Mushroom Spotlight: Amber Jelly Fungus!

If you ask a group of people to list things they could find in a forest, they’ll most likely list items most often found in spring and summer. I think it’s a bit of a shame that we don’t talk about the amazing things we can find in the woods during the cooler months. Just because the trees are leafless and underbrush plants are gone, doesn’t mean that foragers have nothing to hunt for. Even beginners have plenty of reason to bundle up and head out. One chilled foraging favorite is amber jelly fungus!

Amber jelly fungus is a common wood rotting species in the northern hemisphere. Since it likes cooler weather, you can find it here on the eastern coast of the US from October until mid April, though it’s easiest to find when the leaves have fallen. Sometimes called amber jelly roll or willow brain, it grows most often on dead attached branches and twigs of willow trees. Amber jelly fungus’s appearance is pretty easy to guess from the name. It looks like shiny lumps of brown or amber jelly stuck to dead wood.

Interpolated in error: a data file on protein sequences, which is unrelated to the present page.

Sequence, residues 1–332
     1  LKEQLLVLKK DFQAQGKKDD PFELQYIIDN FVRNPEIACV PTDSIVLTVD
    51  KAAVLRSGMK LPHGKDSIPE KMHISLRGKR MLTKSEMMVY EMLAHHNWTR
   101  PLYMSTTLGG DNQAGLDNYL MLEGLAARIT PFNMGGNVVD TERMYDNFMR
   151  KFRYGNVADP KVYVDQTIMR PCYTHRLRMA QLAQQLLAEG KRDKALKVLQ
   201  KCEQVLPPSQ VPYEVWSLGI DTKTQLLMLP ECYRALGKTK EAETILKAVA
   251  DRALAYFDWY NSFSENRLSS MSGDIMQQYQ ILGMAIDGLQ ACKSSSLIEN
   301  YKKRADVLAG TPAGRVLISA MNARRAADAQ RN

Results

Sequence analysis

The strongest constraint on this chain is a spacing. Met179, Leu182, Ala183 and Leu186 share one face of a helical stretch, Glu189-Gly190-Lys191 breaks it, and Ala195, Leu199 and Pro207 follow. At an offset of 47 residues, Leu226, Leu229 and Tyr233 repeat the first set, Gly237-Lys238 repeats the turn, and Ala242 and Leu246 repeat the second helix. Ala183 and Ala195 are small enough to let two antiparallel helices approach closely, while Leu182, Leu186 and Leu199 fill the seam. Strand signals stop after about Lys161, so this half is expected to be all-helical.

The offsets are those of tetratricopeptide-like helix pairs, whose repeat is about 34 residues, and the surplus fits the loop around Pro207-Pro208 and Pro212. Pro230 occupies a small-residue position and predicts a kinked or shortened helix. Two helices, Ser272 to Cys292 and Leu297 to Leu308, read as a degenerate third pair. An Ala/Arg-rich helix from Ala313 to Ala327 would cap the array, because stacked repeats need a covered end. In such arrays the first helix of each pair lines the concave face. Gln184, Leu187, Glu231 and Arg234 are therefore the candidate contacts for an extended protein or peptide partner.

With a description like that, this may seem like the last thing in the woods you’d want to put in your mouth, but amber jelly fungus is TECHNICALLY edible. Due to it’s strange texture, lackluster flavor and inconsequential calorie count, many experts might say “Why bother?” That being said, foragers that recommend eating them stir fried with Asian flavors, candied or as a thickener for soups are not short coming.

If you need an excuse to head out into the forest before the weather warms up, here it is. Go hunt down this strange, gooey woodland treasure and maybe make it into a tasty snack. As always, please remember to never munch on a hunch. Happy foraging!

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